“In our circuit, beyond having the splitter, we are designing a component that allows the clinician to control the airflow and air delivery to the patients on the inspiratory limb,” Xun said. “They will also be able to control positive and expiratory pressure on the expiratory limb. These are two keys for treatment for COVID-19 patients that clinicians can fine tune.”
Since physicians will now be able to control these aspects of ventilation after the split, it is vital that the team’s design include a way for physicians to monitor the air delivery and pressure.
“It is also very important for clinicians to have a monitoring of how much air is being delivered or the pressure that the patient is experiencing, so we also have an adapter for any monometers or flowmeters they might already have in clinic,” Xun said.
Another common concern with splitting ventilators is the possibility of cross-contamination, or the aerosolization of the virus when a patient is disconnected from the circuit. To prevent this, the team included a filter in their design.
“We are also creating a de novo filter, so we can produce the filter cartridge from 3D printing, and it’s easy for the clinicians to switch out the filters,” Xun said.
The filter will serve a purpose similar to that of commercially available filters currently being used in the circuits. However, the team decided to design their own de novo filter in order to decrease hospitals’ reliance on the currently unstable supply chain.
“[The entire splitter] uses 3D printing ingredients, which are filaments and resins, of which there are still plenty available,” Xun said. “The 3D printing network has already been tapped in for COVID-19. These networks are printing PPE for clinicians. We hope to tap into the same network to 3D print the splitters.”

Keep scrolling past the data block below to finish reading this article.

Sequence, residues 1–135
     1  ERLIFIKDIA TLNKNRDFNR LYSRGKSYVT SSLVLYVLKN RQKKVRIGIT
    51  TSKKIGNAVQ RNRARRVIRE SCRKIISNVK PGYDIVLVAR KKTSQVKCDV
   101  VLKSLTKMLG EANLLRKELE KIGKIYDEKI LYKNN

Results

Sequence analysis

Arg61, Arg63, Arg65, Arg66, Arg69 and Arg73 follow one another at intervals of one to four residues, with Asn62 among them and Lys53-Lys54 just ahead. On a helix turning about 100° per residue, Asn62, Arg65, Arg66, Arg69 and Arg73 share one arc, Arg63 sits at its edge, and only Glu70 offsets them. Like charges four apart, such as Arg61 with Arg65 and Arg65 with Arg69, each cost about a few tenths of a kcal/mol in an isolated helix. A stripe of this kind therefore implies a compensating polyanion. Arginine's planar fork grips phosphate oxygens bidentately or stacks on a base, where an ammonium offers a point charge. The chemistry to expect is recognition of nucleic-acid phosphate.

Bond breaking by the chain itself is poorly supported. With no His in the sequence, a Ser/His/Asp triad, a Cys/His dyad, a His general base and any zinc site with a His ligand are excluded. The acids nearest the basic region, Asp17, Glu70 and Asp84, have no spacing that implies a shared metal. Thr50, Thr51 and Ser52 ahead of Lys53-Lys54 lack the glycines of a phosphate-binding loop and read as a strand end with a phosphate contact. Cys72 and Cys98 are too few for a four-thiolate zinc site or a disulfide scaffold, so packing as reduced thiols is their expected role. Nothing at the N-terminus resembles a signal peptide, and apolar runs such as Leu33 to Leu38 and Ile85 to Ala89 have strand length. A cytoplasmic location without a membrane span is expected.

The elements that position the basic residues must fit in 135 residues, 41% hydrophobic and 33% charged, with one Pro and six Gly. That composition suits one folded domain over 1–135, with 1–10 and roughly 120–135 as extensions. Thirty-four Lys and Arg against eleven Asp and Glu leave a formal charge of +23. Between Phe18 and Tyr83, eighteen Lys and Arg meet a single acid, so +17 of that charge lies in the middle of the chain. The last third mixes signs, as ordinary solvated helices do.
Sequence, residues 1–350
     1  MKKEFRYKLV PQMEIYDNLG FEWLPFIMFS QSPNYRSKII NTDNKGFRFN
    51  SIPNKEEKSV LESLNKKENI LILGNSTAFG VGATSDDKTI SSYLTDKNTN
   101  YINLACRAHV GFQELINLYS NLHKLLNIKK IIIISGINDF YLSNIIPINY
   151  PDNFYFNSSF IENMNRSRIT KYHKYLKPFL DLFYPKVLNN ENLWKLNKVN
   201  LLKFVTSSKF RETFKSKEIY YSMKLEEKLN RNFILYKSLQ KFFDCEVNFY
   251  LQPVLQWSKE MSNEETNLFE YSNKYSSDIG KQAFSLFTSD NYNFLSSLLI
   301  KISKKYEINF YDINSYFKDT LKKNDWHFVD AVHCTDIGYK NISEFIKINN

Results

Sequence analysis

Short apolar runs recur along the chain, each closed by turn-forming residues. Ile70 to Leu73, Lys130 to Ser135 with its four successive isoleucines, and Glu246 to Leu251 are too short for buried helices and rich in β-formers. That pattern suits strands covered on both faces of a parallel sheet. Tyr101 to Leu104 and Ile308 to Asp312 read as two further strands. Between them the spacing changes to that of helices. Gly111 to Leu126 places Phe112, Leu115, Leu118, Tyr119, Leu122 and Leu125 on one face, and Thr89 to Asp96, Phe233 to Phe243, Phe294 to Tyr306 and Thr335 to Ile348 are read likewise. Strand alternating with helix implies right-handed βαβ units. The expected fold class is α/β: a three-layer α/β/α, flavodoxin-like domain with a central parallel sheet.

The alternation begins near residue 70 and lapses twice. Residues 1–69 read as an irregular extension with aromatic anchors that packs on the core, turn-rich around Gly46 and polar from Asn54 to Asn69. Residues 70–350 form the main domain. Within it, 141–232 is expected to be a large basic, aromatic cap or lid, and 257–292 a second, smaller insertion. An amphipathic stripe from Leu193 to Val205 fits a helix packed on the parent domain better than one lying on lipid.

Although the splitter could theoretically allow one ventilator to support 10 patients, Xun explained that realistically, a single ventilator can safely support only or two — or possibly four patients in extenuating circumstances.
The team does not anticipate their design providing a solution to this crisis. Rather, they hope it is a tool hospitals can use to increase their capacities with available equipment.
“It’s going to take a very long time for production to ramp up. And even if there are enough ventilators, it’s going to take a very long time for hospitals to increase their infrastructure, such as wall oxygen to sustain the ventilators,” Xun said. “We see this as more of a stop hold until the hospitals can get ventilators if that’s a possibility.”
The team’s work seems to be a glimmer of hope for hospitals that are becoming more and more overwhelmed in the face of this pandemic. The group is excited about their design but encouraged caution when evaluating the potential of their device.
“We are currently in a research and design phase,” Caffrey said. “We are working towards the goal. This is an idea that’s been developed in two weeks.”
The team remains hopeful for their design and is working tirelessly to continue its development of the ventilator splitter. Xun explained the team’s plans for the future.
“Our goal is to create this splitter as fast as possible, but also keeping in mind that it has to be safe,” Xun said. “As we repeat our different iterations and prototypes, we want to continue to test safety and efficacy.”
When the team is confident in its safety and efficacy data, it will work with the Food and Drug Administration to clear the device through the Emergency Use Authorization pathway.